Determining exactly how much money you will need in your retirement years is no simple feat. No one wants to spend too much early on in retirement only to find themselves having to make up the difference later in life. At the same time, you want to enjoy retirement and the financial freedoms you have worked so hard for. Despite the risk involved in retirement planning, there are several standard rules of thumb to help you figure out how to spend safely during this period of your life.
There are several schools of thought when it comes to annual withdrawals in retirement, but we will focus on these two primary ones: the 4% rule and the Spend Safely in Retirement plan. The 4% rule is more standardized and can be easier to apply; however, it can have shortcomings. The alternative strategy is slightly less straightforward, but it accounts for some occurrences that the 4% rule does not. In either case, it is important to remember that these strategies are guidelines, and investors should evaluate their individual situations to determine a plan of action best for their lifestyle.
The 4% Rule:
This rule requires that individuals sum their savings and investments and withdraw 4% of that total amount in their first year of retirement. In every year following, one adjusts that first year’s 4% draw for inflation. Based on repeated scenario analyses, there is a low probability that one will actually outlive the money they have stashed away (using a typical 30-year retirement plan).
It seems simple and it is, but herein lies the issue. For one, it assumes that the investor will spend in a linear fashion; their outlays of cash will remain the same no matter the year. Most people will have some years where they spend more or less than others, due to discretionary spending changes or unforeseen events.
Additional research suggests that spending during retirement follows what is known as a “retirement spending smile” model rather than a typical linear model. According to the Bureau of Labor Statistics’ 2017 Consumer Expenditure Survey, retirees spend more in the early years of their retirement than later ones. If their spending increases in late retirement years (the last part of the “smile”), it is typically due to increasing costs of healthcare. Thus, the 4% rule could be requiring investors to save more than they will need.
The second main issue with the 4% strategy is that the investor is predicted to increase spending by the inflation rate, which does not take into account market conditions and portfolio performance. We believe that a better approach is to take portfolio performance into account and adjust accordingly. That is, the 4% rule can be used as a guideline, but it needs to be adapted based on these factors.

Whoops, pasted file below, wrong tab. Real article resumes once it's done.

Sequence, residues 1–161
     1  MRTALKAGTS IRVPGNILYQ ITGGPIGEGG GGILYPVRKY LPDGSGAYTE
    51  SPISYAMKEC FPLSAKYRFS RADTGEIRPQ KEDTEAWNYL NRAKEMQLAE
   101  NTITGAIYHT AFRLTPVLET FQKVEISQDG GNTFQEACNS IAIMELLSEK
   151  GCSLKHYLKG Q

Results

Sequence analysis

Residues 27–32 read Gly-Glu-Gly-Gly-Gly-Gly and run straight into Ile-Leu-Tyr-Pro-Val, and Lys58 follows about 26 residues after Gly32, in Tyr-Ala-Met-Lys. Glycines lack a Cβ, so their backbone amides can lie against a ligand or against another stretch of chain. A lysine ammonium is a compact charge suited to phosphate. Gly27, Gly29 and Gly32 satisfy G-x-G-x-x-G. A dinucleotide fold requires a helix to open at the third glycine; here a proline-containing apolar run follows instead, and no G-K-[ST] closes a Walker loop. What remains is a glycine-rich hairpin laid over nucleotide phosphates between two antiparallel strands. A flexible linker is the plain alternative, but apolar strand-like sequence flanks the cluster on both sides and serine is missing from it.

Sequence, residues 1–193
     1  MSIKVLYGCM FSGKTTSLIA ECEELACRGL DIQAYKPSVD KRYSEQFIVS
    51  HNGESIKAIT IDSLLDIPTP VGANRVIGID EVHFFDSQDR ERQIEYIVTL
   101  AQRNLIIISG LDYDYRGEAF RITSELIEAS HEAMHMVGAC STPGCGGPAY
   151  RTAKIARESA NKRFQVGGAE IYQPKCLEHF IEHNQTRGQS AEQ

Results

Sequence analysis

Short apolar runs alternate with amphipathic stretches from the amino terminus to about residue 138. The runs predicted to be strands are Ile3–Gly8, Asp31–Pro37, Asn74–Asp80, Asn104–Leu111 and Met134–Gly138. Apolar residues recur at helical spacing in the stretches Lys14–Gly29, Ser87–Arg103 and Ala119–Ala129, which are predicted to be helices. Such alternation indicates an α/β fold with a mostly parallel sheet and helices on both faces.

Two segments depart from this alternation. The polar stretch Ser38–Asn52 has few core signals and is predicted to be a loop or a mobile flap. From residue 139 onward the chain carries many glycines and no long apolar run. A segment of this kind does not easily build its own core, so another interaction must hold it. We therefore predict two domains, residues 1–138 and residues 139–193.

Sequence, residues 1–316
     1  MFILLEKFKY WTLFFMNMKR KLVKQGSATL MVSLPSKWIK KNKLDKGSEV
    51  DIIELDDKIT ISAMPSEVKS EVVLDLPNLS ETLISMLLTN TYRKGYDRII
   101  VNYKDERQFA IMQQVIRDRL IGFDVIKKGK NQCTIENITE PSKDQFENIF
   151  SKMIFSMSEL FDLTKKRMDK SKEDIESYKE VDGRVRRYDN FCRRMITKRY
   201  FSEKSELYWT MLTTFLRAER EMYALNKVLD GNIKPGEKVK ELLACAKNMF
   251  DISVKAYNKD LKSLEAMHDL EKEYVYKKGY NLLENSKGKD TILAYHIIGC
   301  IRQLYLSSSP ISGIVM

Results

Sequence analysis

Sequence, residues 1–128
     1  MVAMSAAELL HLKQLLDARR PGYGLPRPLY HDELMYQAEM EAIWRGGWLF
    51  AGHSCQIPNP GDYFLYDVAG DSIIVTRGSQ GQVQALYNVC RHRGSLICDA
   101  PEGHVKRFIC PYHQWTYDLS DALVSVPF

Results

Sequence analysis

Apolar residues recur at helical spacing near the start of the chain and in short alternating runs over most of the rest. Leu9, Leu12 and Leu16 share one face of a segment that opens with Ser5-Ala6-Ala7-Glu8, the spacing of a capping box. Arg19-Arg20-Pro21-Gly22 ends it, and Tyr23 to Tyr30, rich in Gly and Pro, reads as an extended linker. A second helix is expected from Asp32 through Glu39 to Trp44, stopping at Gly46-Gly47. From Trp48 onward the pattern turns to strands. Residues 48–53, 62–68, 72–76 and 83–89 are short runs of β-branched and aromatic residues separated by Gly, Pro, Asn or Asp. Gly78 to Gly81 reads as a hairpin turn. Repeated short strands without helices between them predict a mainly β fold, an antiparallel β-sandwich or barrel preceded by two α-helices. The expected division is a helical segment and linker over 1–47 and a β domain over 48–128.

Spend Safely in Retirement Plan:
Alternatively to the 4% Plan, the ‘Spend Safely in Retirement’ plan aims to delay fund withdrawals as long as possible. In contrast to the 4% rule, the Spend Safely in Retirement plan advises retirees to withdraw only 3.5% per year before the age of 70. From 70.5 onward, retirees then use the Required Minimum Distribution (RMD) formula to determine how much they should withdraw from their portfolio. IRAs, SEP IRAs, and Simple IRAs all require retirees to begin drawing on their funds by age 70.5 at the latest – although there are some notable exceptions to this rule.
RMD is calculated by dividing the retirement account’s previous year-end fair market value by a factor number that is based upon your age in the current year. Unlike the 4% rule, this method is taking into account the performance of the portfolio each year and adjusting the withdrawal amount accordingly. Investors can spend what the RMD requires, plus their Social Security. Since this amount will probably change by more than the rate of inflation, investors may need to alter their lifestyle to accommodate market changes.
Both of these models must be adapted for each individual’s situation. Important things to consider include your investment timeline, how long you want your funds to last, and how confident you want to be that you will not run out of funds. These factors will help you to determine your rate of withdrawal during retirement.
The financial advisors at Morris Financial Concepts know that retirement planning can be a daunting task. It is one that requires investors to take an honest look at their financial situation, medical and family history, spending habits, and risk tolerance. When you are ready to begin or continue your retirement planning, we are here to answer any questions you may have and assist in setting you up for financial success.
The opinions expressed herein are those of Morris Financial Concepts, Inc. and are subject to change without notice. This material is for informational purposes only and should not be considered investment advice. Morris Financial Concepts, Inc. is an independent investment adviser registered under the Investment Advisers Act of 1940, as amended. Registration does not imply a certain level of skill or training. More information about Morris, including our investment strategies, fees, and objectives can be found in our ADV Part 2, which is available upon request. MFC-19-11.